You can be the most understanding, most tolerant parent in the world...until your toddler throws a temper tantrum. A well-executed toddler tantrum — in public, of course — can throw even the most patient person in the world off course, especially if it’s a tantrum thrown for no reason.
Then again, most tantrums were thrown with a reason. This reason may seem petty or irrational for a grownup like you, but remember that your child is not yet mature enough to deal with big emotions. No matter how frustrating, it helps to listen and actually understand why your toddler is crying and kicking on the floor.
Every child is different. Some very rarely throw tantrums, while some throw them quite often. And there are also many potential reasons and variables that can make your toddler burst. But to help you narrow down the possibilities, here’s a list of 8 common temper tantrum triggers.
When your toddler does an activity that is too advanced for their developmental stage, they may get frustrated, which is a common temper tantrum trigger. For example, a board game might require advanced vocabulary, or a particular sports might require the coordination and dexterity of an older child.
Prevent the occurrence of tantrums by encouraging your toddler to play activities and games that are designed for their age. It will also help to gently talk to your toddler and explain to them that they will develop more skills as they grow older.
2. Too little stimulation
Boredom is real for toddlers! When your toddler feels bored and loses interest in the activities that they are doing, they get fidgety and might throw a temper tantrum. This often happens when your toddler is stuck at home with nothing new to do. To prevent this, take your toddler out for a walk or a drive for a change in scenery.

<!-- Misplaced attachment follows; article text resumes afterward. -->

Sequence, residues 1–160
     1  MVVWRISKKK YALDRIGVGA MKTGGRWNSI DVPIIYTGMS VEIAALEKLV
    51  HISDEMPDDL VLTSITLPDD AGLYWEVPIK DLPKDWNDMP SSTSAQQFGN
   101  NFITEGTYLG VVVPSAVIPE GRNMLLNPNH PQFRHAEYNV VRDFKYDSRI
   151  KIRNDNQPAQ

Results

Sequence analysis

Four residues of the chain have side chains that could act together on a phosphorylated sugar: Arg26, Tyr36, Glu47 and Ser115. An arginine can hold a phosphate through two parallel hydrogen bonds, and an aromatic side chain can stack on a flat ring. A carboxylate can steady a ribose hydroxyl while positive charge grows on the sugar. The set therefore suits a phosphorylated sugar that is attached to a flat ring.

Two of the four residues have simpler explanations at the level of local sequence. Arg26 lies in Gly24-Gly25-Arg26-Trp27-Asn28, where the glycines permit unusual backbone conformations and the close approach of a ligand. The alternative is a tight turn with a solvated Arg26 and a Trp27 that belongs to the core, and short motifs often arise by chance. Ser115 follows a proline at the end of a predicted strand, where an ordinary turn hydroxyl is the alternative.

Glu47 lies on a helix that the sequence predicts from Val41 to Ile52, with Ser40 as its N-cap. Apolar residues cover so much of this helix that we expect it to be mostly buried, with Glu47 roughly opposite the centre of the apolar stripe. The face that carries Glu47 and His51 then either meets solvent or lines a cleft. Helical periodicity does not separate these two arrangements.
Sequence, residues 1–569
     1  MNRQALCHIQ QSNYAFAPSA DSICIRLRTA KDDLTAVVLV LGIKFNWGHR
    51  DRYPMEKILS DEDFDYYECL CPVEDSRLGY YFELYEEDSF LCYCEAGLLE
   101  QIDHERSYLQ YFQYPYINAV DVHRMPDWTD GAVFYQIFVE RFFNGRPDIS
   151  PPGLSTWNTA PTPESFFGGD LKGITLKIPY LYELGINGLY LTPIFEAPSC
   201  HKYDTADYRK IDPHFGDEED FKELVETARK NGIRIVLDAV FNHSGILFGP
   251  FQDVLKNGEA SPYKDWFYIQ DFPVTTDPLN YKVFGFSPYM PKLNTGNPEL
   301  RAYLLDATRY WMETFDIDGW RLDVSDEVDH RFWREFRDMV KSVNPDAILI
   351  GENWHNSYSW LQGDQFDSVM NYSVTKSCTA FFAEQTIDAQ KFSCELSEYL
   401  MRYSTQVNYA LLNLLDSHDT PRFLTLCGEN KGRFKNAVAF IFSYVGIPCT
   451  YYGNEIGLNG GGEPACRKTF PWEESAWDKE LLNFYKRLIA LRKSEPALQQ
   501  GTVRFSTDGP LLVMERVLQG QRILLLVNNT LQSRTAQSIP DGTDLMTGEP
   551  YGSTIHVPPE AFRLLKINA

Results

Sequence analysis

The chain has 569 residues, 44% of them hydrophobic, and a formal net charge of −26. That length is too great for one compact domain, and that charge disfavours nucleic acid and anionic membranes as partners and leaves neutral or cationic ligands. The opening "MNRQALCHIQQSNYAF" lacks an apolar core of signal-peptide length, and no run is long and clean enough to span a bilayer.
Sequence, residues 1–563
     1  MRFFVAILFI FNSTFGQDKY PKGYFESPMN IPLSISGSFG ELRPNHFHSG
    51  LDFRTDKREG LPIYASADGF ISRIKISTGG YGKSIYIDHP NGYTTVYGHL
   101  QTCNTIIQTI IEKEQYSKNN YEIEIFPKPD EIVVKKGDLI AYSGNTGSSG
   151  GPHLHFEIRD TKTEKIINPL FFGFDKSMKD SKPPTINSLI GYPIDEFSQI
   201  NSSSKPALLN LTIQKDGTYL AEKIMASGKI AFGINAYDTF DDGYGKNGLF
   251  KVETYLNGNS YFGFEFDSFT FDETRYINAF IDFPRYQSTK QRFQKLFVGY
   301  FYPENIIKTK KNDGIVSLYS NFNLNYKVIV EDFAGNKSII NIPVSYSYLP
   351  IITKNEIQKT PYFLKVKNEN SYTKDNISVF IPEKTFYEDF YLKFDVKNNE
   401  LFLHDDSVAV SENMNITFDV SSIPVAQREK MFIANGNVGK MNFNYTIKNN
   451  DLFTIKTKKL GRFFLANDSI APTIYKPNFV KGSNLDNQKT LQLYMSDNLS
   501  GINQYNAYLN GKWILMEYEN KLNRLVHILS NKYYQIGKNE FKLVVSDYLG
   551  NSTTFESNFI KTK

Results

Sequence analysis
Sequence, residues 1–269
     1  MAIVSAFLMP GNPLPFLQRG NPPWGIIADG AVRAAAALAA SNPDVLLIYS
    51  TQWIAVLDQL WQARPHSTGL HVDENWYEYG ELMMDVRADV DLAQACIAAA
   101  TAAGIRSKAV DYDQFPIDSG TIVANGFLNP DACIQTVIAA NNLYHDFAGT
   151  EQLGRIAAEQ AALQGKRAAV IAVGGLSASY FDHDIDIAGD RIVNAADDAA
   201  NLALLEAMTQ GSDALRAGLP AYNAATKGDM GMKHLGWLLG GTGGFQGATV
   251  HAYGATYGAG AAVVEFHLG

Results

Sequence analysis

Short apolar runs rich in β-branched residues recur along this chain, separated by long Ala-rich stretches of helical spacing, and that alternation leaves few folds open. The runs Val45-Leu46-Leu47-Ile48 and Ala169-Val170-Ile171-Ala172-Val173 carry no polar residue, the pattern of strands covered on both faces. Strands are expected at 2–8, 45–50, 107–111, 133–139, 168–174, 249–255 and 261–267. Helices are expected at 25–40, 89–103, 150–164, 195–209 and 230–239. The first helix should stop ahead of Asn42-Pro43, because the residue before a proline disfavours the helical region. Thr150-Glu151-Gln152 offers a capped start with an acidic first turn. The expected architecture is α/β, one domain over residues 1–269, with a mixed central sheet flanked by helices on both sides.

If lack of stimulation triggers temper tantrums, overstimulation can result in the same, too. Too much stimulation causes your toddler to feel tired and stressed out, and these overwhelming feelings can lead to tantrums, even meltdowns. Avoid this by observing the signs of overstimulation and stopping all stimulating activities when they start getting tired and sleepy.
Hunger should be an obvious reason why your toddler is throwing a tantrum, but when you’re too busy, hunger cues and feeding schedules can be easy to overlook. Your toddler should not deal with hunger or the anxiety of not being fed yet, so always prioritize meal schedules and plans. Don’t forget to pack snacks when you’re out and about.
5. Sudden changes
Babies and little toddlers are creatures of habit and thrive on consistent schedules and routines. This is why it is very important to follow your routines, such as your bedtime rituals. When there are sudden changes to these routines, your toddler can feel anxious and stressed out. Avoid this by managing your time well.
If changes are unavoidable, orient your child adequately. It’s also a good idea to teach life skills to your toddler, like making their bed or wearing your shoes, to minimize daily stress.
If you think there’s no apparent reason behind your toddler’s tantrum — they are following a consistent routine, they are receiving just enough stimulation, they are not feeling tired or hungry — inspect more closely. They might be in pain or are feeling ill. Observe obvious signs like a raised temperature, contorted facial expressions, and awkward body positions. Take them to the doctor if you think they are in pain.
7. Fear of being alone
Aside from pain, what’s causing your toddler’s tantrum might simply be fear. It’s not necessarily a fear of something big, and it’s not necessarily a kind of phobia. It might be something as mundane as the fear of being alone when you leave them at the daycare. Prevent tantrums by talking to your child and saying that you will be back at a specific time.
8. Not enough attention
Finally, before you look for complicated toddler tantrum triggers, perhaps the reason is something as straightforward as not giving enough attention to your toddler. Your child wants your attention, and it’s not a negative thing — it’s just the way toddlers are made. Talk to your child all the time, and if you are busy with something else, tell them that you can play afterwards. Meanwhile, offer something else to distract them with, like a toy or a book.
Tantrums are very common among toddlers, and if yours throw ones often, it does not mean that they have an attitude problem or are growing up spoiled. It simply means that they are too young to handle big emotions like frustration, fatigue, and loneliness. Pay closer attention to their cues and observe the reasons that trigger their outbursts.